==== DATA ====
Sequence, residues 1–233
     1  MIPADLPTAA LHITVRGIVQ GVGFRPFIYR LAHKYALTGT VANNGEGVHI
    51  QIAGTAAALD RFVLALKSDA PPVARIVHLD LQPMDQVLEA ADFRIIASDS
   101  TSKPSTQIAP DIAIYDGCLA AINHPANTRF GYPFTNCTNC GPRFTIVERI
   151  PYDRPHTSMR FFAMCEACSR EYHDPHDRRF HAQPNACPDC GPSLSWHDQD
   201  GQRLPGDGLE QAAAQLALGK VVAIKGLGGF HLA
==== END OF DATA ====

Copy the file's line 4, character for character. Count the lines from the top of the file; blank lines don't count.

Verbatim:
   101  TSKPSTQIAP DIAIYDGCLA AINHPANTRF GYPFTNCTNC GPRFTIVERI